Queer Jewish Clergy Retreat Offers New Spiritual Insights

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Cantor Juval Porat attended Nehirim’s first LGBTQI Jewish clergy retreat in December 2014, and shared his experience in his Cantor’s Column in the latest issue of G’vanim.

In 2009, as my studies at the Abraham Geiger College drew to a close and my ordination was approaching, I found myself sharing my story often with the German media. “First trained Reform cantor in Germany since World War II” was a title they seemed very curious about. I never thought of mentioning my sexual orientation, as I never thought it mattered. I remember my irritation reading about my “soft features” in an article, which I
assume was intended to describe my body language.

Was “soft features” a way of suggesting I was effeminate and perhaps gay? I realize that beyond my sexual orientation being irrelevant to my ordination and my profession, its potential revelation stirred up a wound of shame and sorrow I wasn’t quite ready for. I wrote an abbreviated form of this insight on a piece of butcher paper taped along a wall of Congregation Sha’ar Zahav in San Francisco in early December during Nehirim’s first LGBTQI Jewish clergy retreat. Rabbi Lisa Edwards and I were there among 64 rabbis, cantors, students and others. In the four days I spent there, I felt pushed out of my comfort zone, comforted by likeminded souls, amazed by queer text interpretations, and transported by original forms of liturgy. Mostly I felt in touch with seeming contradictions – the joy of living in a time and place of freedom, contrasted with the sadness of those who have been excluded as clergy because of their sexual preference.

Having grown up with traditional liturgy and often being nervous about modifications of the Hebrew, I felt a surprising connection to the queer Amidah (silent prayer), as formulated by the creative writers of Sha’ar Zahav’s own prayer book, acknowledging God as the one “in whom are united all separations…queer ourselves, made of heaven and earth, day and night, female and male.”

I experienced the wonder of living in a time and place in which our trans-brothers and sisters might consider our ancestors Abraham and Sarah as genderfluid, transitioning towards their most authentic selves. You might raise an eyebrow or two (or not, and congratulations to you for that!) while trying to wrap your mind around the idea of Abraham and Sarah being in transition, but an actual midrash (exegesis of Torah texts) in the Talmud (tractate Yevamot 74:A-B) suggests just that!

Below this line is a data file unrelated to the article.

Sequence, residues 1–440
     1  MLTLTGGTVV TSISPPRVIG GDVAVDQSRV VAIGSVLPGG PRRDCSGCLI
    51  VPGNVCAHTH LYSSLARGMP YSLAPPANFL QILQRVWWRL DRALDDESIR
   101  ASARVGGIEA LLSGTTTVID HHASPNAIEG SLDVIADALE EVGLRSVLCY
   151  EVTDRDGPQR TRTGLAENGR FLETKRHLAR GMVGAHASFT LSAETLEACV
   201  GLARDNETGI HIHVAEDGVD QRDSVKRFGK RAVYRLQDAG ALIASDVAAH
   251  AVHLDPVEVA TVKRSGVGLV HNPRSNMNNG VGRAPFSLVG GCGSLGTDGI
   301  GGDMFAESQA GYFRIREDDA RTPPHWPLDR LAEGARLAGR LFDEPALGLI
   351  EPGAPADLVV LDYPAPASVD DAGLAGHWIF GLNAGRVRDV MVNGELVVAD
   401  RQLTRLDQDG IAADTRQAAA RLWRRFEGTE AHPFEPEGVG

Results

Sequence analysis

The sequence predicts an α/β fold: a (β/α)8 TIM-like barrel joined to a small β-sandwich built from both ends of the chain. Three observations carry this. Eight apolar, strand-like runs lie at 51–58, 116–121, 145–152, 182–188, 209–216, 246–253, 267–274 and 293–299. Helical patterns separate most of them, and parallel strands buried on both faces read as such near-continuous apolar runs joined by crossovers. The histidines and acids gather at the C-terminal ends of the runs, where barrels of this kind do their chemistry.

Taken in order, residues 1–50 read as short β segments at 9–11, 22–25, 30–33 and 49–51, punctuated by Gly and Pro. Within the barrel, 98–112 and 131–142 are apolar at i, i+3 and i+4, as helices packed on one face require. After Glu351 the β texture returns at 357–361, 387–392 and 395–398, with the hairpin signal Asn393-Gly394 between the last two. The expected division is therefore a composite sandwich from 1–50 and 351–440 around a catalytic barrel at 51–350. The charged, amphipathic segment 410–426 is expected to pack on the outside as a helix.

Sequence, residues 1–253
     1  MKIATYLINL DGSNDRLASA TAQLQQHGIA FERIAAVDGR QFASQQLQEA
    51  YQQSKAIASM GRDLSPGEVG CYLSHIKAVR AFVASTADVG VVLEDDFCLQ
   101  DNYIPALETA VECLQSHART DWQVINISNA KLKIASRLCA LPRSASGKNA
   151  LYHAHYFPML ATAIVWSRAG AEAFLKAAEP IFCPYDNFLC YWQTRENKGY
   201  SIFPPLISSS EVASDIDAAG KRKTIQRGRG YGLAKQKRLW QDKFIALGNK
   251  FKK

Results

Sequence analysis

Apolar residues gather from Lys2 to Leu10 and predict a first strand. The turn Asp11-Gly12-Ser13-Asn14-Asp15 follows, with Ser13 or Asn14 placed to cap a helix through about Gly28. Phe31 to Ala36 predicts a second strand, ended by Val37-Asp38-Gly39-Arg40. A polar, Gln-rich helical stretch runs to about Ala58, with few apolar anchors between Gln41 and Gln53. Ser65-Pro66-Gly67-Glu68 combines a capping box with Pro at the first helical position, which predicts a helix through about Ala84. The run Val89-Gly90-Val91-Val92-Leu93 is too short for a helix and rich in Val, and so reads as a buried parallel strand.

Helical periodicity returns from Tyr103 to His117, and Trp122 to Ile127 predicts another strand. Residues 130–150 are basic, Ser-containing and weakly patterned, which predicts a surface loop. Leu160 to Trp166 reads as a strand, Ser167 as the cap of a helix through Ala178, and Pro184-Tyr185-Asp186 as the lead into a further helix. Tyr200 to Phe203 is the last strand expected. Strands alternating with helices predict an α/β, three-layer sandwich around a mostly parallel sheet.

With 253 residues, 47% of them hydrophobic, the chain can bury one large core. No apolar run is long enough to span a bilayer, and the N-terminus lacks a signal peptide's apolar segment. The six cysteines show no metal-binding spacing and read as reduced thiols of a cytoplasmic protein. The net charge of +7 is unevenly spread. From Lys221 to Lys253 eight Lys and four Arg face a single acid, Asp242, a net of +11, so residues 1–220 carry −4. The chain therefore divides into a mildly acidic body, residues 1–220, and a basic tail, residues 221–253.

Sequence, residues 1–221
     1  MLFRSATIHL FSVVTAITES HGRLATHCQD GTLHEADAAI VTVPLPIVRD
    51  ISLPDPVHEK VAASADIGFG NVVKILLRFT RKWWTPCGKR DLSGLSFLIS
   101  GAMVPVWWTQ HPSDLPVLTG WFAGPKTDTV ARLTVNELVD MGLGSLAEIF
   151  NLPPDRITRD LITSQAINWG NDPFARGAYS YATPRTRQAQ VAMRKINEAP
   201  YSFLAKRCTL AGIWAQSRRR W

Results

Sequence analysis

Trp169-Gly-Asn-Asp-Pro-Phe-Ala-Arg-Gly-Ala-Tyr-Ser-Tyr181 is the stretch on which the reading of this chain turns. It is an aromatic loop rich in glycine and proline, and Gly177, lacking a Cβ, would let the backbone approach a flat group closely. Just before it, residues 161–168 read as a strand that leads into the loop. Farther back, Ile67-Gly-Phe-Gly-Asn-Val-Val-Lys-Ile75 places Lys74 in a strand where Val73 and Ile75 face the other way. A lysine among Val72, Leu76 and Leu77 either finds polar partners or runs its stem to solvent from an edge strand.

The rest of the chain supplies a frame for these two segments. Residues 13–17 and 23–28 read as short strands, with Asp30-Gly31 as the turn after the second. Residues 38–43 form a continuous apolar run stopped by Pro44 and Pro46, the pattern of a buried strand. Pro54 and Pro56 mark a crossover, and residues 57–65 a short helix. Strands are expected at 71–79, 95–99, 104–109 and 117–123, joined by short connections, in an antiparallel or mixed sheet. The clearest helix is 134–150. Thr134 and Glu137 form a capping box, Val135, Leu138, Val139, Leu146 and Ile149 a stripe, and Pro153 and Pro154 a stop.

I experienced the power of living in a time and place in which we can discuss BDSM (bondage, discipline, sadomasochism) as a possible spiritual practice, or the blessing for unexpected intimacy found in Sha’ar Zahav’s prayer book and originally a blessing for anonymous sex. The blessing suggests that, just like Jacob, “who has encountered a stranger with whom he grappled all night,” who “never knew the stranger’s name, yet their encounter was a blessing,” we too can find blessings in intimate times with another person, possibly a stranger, “turning strange places into holy
ground and strangers into a source of blessing.” The attempt to elevate unexpected encounters into something spiritual and the process of integrating that into the prayer book, as told by Rabbi Camille Angel and Maggid Andrew Ramer, moved me immensely and I couldn’t help but feel awe for being part of a community that fosters a more compassionate humanity by offering such insights.

I haven’t yet processed music’s facilitative power in a gathering such as the LGBTQI retreat, but based on the closing song session, in which we chanted “Hineh Ma Tov” (How good it is) for achim (brothers), achayot (sisters), and kulanu (and all of us) to be in one space together, or my I-kissed-a-girl-and-I-liked-it-niggun (yes, that happened). I can’t wait to further utilize music for future retreats.

There’s so much more to share, but I’ll leave you with that. It’s Hanukkah, as I write these lines – another opportunity to look at our contrasts and contradictions. On the one hand we light candles in memory of a miracle and a victory over oppression, brought by the war of the Maccabees against the Syrians, and on the other hand we read the words of Zechariah in the Hanukkah haftarah that neither might, nor power, but
spirit alone will lead to real peace.

I also wonder whether there’s a difference between a blessing and a miracle. Looking back at the retreat, having experienced the blessing of being in an open, safe and compassionate place and time, I’d like to believe that it’s up to us to nurture those blessings into miracles. And perhaps our inner contradictions – the sadness and the joy, the peace and the terror, the mundane and the religious — can serve us as a source of strength rather than tension as we reveal ourselves as LGBTQI Jews in our lives and communities.

B’shalom,
Juval

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